Student reps discuss importance of activities

Tyler Martineau/Torrington Telegram Student representative Kamryn Rafferty spoke about the benefits of extracurricular activities during the Goshen County School District board meeting on Tuesday.

TORRINGTON – The Goshen County School District board discussed the benefits of extracurricular activities during the regular meeting on Tuesday.

Student representatives to the board presented information from their schools on why students believe extracurricular activities enhance their education.

Klacie Groene at Torrington High School (THS) said 62% of boys and 68% of girls at the school participate in extracurricular activities. Groene said she surveyed 36 students as 63% believed their grades improved as a result of participating in extracurricular activities.

“The correlation of grades and participation is there among the student body,” Groene said. “Students love to participate in activities in equality experience. They want to exceed not just participate.”

Groene also said most freshmen are unaware of the activities available at the high school.

Kamryn Rafferty at Lingle-Fort Laramie High School said she interviewed her coaches about why they enjoy coaching.

One coach said she likes to teach students and said sports help students get involved in something bigger than themselves.

Rafferty said 42 out of 46 boys participate in an extracurricular activity. Rafferty added being a student athlete requires being a student first.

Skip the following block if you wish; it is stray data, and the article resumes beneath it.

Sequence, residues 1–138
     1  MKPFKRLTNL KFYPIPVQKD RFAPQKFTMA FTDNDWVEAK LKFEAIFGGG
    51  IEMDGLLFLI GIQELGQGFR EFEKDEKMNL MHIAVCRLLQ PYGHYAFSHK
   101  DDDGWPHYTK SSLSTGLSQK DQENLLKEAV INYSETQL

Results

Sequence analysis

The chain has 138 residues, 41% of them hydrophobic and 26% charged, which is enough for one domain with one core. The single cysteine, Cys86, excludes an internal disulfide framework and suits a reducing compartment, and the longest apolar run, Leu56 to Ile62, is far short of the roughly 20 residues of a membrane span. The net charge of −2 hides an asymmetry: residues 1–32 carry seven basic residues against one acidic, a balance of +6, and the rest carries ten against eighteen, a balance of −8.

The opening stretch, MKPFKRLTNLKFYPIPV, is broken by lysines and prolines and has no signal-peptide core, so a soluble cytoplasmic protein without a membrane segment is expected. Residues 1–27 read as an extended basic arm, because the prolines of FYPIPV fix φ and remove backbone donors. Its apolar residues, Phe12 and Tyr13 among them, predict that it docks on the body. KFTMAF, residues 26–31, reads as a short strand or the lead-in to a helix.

Alex McIntyre at Southeast High School sent out a survey to his fellow classmates which asked if participation in extracurricular activities influence attendance. 21 respondents said yes while eight said no. McIntyre also asked if there is an increase in school spirit when participating in extracurricular activities which 13 responded yes.

“School spirit is one of those things if you don’t really have it, school spirit, you’re not going to whole lot of extracurricular,” McIntyre said.

Students who participated in the survey also said there needs to be more recruitment of incoming freshmen to increase extracurricular participation.

Superintendent Ryan Kramer said the student representatives did a great job utilizing school data for their reports.

During public forum, Valley Christian Principal Crystal Woehlecke asked the board to approve the action item related to allowing Valley Christian students to participate in sports with the Torrington Middle School (TMS). Woehlecke said it is like home school as students have a choice and she sees it as a partnership between private and public schools.